A professional wrestler working in any top-flight organization is only going to get so far in his career if he is unable to grab the attention of fans in attendance and of those watching on television through his words. Take Dean Malenko as just one example. Malenko was arguably the best worker in both WCW And WWE during the Monday Night Wars of the 1990s and yet “The Iceman” never got past Cruiserweight and midcard status due in part to being undersized and because he was not one of the best promo guys you'll ever see perform in the business.
The biggest draws to ever perform in North American pro wrestling all had memorable catchphrases associated with their acts. “To be the man, you've got to beat the man.” “Whatcha gonna do, brother?” “Ohhh yeeeeahhh!” “That's the bottom line 'cause 'Stone Cold' said so!” “Who's next?!?” “We've got two words for ya!” “Just too sweeeeet!” “The champ is here!” You get the gist. Catchphrases do not just stick in the minds of fans after wrestling events. They also help to sell merchandise, and they result in customers who spend money to attend shows popping whenever they hear the familiar words spoken by the wrestlers.
Some, upon remembering what they would consider to be brighter days for the industry, may feel that the majority of World Wrestling Entertainment performers are somewhat cookie-cutter characters that are largely not all that different from each other. That is not always the case for what is currently the No. 1 promotion in the wrestling industry. One performer in particular, a wrestler who was the most over babyface in the company not all that long ago, became as popular as he is today among casual wrestling fans all because of one word. Is that really possible?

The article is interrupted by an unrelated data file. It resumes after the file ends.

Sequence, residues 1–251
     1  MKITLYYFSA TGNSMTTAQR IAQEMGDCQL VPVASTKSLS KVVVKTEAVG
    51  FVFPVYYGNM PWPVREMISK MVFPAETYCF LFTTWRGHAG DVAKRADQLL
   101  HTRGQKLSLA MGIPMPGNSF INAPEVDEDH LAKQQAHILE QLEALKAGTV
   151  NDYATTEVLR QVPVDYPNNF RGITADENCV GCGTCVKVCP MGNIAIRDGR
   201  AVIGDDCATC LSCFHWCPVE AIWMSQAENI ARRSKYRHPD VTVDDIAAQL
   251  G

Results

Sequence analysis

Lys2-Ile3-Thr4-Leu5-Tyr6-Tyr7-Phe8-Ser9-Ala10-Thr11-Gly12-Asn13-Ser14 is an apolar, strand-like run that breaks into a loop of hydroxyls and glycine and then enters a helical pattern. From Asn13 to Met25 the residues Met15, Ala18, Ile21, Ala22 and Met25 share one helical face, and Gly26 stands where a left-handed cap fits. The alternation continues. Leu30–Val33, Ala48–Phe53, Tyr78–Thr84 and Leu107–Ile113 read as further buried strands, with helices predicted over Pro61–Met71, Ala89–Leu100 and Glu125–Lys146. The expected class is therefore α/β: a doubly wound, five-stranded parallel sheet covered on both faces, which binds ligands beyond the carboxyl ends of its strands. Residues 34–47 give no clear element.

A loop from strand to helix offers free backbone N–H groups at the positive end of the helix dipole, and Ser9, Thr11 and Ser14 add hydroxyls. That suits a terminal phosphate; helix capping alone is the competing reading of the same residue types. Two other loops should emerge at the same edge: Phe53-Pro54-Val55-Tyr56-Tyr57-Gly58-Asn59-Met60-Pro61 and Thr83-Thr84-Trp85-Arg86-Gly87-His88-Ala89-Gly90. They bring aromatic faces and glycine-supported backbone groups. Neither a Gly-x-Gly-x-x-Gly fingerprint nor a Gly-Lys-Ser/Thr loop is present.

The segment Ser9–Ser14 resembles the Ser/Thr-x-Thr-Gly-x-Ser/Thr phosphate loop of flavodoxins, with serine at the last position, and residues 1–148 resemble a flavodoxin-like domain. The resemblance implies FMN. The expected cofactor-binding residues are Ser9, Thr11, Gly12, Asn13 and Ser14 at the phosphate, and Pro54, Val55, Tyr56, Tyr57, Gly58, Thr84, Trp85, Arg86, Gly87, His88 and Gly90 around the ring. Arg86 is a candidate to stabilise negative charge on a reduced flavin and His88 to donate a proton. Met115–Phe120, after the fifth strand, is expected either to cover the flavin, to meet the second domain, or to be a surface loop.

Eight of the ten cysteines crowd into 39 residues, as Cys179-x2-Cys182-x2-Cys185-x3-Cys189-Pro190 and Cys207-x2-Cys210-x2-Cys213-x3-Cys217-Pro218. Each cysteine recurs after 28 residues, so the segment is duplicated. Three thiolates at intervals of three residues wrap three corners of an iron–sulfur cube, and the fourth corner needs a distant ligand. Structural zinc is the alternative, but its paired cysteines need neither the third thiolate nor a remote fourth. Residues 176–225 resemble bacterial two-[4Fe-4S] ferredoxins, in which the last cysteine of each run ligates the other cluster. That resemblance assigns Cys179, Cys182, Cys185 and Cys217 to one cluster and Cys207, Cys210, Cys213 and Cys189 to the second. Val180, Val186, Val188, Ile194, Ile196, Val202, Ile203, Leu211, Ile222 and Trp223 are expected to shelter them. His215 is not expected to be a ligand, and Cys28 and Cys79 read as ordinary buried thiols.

15 Let's Go!
14 Gore! Gore! Gore!
13 Follow the Buzzards
10 "And You Can't Teach That"
8 Best For Business
7 Feed Me More
6 I'm Afraid I've Got Some...Bad News
5 New...Day Sucks
4 BROOOOOCCCKKK LEEESSSNNAAAR
3 You Can't See Me
2 The Champ is Here
Daniel Bryan was largely spoiling away as a midcard competitor and as a weak World Heavyweight Champion when he began using the “Yes” chant that he would perform as he made his way to and from the ring and that he would yell out during matches. The chant, which Bryan has attributed to mixed martial arts fighter Diego Sanchez, has become part of the mainstream sports world. Fans of teams such as the New York Red Bulls, New York Islanders and Michigan State Spartans are but a few examples of supporters stealing the chant and making it their own over the past several years.
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